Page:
With iOS 8, Apple will introduce a significant boost to privacy for users by eliminating the usefulness of a unique device number that advertisers and app developers have used to keep a tab on users.
Apple may have borrowed app data-sharing and widgets from Android to build iOS 8, but the company appears to be drawing a line between the two at privacy.
Communicating changes in iOS 8 to developers at its Worldwide Developers Conference that wrapped up on Friday, Apple revealed it will restrict what data iOS 8 devices will share when they scan for wi-fi networks. It's going to do this by randomising the media access control (MAC) address that is broadcast when devices search for an available wi-fi network.
“In iOS 8, Wi-Fi scanning behavior has changed to use random, locally administrated MAC addresses,” Apple notes.
This means that “the MAC address used for Wi-Fi scans may not always be the device’s real (universal) address,” Apple explains.
Currently all computers emit a device’s MAC address while it searches for available wifi networks and, without too much effort, anyone can see that address. The reason it’s seen as a threat to privacy is because the number is unique, making it a useful way for advertisers to continue monitoring a device owner.
News of the upcoming changes were outed on Sunday by UK-based user interface designer Luis Abreu.
“Remember the London trash cans that collected Wi-Fi MAC addresses? Not possible with iOS 8 as they’re randomized during scanning,” he wrote in a post on Twitter .
The trash cans he referred to were the 100 smart recycling bins that a UK startup called Renew rolled out across London ahead of the 2012 Olympics but only caught the attention of media in mid-2013.
The bins recorded the MAC address of each device that passed by, offering advertisers a map of a person’s movements through the city. At the time, the company’s spokesman told Quartz that it didn’t violate anyone’s privacy because it collected publicly available information, and didn’t link that to the owner’s home address or name. Nonetheless, London City pulled the plug on the smart bins.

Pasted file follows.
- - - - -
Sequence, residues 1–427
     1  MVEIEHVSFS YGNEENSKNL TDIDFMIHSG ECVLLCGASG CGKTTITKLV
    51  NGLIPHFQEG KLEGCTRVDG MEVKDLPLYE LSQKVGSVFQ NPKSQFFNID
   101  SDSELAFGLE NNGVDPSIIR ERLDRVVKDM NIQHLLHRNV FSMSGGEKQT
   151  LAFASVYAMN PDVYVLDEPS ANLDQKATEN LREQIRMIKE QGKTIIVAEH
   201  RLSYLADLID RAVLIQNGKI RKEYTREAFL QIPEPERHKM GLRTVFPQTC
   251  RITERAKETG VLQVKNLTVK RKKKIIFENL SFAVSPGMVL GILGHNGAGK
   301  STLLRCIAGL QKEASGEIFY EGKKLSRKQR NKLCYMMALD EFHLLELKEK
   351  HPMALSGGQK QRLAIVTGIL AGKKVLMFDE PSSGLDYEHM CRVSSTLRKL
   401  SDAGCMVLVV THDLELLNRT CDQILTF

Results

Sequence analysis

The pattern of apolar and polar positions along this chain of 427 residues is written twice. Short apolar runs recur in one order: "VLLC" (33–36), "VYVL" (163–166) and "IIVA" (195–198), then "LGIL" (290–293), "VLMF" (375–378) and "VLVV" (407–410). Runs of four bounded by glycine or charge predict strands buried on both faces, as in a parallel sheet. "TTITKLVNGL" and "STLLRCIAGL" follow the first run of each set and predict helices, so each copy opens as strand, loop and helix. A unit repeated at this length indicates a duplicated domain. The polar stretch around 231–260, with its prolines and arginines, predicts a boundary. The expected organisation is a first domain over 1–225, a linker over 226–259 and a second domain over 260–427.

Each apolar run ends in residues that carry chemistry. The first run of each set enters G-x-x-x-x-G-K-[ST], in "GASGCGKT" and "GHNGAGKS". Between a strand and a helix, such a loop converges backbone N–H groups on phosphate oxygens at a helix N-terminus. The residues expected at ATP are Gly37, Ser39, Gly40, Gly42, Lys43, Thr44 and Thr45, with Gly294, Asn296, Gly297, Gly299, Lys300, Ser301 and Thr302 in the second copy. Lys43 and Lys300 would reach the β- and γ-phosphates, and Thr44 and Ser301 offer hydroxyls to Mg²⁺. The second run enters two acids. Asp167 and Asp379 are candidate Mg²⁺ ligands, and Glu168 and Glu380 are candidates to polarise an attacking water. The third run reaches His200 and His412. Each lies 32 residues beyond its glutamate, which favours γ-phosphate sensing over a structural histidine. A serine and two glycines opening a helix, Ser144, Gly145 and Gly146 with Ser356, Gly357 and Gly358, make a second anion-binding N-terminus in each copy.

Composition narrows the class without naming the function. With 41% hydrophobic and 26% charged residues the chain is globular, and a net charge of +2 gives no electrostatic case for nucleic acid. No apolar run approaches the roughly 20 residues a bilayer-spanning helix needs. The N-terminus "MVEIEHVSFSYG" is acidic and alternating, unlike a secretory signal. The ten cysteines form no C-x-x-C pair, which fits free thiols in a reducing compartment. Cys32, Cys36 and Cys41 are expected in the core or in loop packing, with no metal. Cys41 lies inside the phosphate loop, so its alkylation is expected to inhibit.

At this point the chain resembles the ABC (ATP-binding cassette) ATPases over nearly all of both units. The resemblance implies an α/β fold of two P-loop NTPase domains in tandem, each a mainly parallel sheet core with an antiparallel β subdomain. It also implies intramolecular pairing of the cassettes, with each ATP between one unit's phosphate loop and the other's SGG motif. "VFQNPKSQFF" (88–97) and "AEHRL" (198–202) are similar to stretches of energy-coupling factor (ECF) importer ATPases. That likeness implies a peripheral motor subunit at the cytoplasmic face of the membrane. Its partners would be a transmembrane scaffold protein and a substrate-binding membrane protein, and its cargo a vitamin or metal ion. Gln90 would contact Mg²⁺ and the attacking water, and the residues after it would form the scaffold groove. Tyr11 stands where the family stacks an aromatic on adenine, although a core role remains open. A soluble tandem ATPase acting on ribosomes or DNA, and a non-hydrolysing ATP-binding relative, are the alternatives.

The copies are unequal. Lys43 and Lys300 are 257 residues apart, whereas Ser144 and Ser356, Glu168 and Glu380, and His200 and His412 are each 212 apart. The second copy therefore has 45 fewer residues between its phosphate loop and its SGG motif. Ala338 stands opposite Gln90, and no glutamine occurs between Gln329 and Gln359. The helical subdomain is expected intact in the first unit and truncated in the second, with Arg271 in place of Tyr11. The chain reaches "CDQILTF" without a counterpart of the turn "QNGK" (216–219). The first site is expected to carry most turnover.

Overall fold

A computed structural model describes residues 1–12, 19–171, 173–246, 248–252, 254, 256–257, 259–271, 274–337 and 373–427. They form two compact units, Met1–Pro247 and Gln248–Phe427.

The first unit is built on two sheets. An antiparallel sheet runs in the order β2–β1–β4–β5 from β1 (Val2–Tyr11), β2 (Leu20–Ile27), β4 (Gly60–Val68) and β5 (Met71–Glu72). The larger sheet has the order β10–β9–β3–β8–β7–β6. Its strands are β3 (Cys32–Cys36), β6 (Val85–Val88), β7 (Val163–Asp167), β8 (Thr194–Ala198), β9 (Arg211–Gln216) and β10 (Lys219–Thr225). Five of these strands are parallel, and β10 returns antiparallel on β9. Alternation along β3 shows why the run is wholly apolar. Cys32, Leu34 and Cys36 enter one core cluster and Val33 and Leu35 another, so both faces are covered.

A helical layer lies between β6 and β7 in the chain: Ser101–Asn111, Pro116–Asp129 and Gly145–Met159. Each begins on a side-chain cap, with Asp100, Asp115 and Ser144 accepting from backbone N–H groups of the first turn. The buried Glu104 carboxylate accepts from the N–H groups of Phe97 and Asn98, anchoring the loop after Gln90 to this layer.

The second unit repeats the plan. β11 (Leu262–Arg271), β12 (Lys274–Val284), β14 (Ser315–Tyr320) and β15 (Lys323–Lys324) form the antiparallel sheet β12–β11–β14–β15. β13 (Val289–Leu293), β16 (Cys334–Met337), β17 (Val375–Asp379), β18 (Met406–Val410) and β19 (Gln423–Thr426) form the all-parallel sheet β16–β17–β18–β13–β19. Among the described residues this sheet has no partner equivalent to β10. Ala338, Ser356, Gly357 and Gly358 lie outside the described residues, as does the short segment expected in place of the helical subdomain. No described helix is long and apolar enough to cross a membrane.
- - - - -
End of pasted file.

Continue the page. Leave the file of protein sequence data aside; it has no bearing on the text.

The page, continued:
While randomising a MAC address might prevent companies like Renew from tracking a person’s movements, Apple has had its eye on the unique identifier for some time for different reasons.
On May 1, 2013, Apple began blocking apps that attempt to access an iOS device’s unique device identifier (UDID), which until then had been the most reliable way for advertisers to track users.
Ahead of the ban, as TechCrunch reported in 2012, the MAC address became a popular substitute for UDID since it too was unique and permanent, making it a reliable replacement.
The ban on UDID came as Apple launched its alternative system, Advertiser Identifier (Ad ID). Back then, as it continues to do today, Apple is encouraging developers to adopt its Ad ID, which provides advertisers a unique number associated with each iOS device but offers iOS users an option to “limit ad tracking” and the choice to reset their identifier.
Other privacy changes Apple will introduce with iOS include a new setting to block all third party cookies even if the user has visited a site in the past.
This article is brought to you by Enex TestLab, content directors for CSO Australia.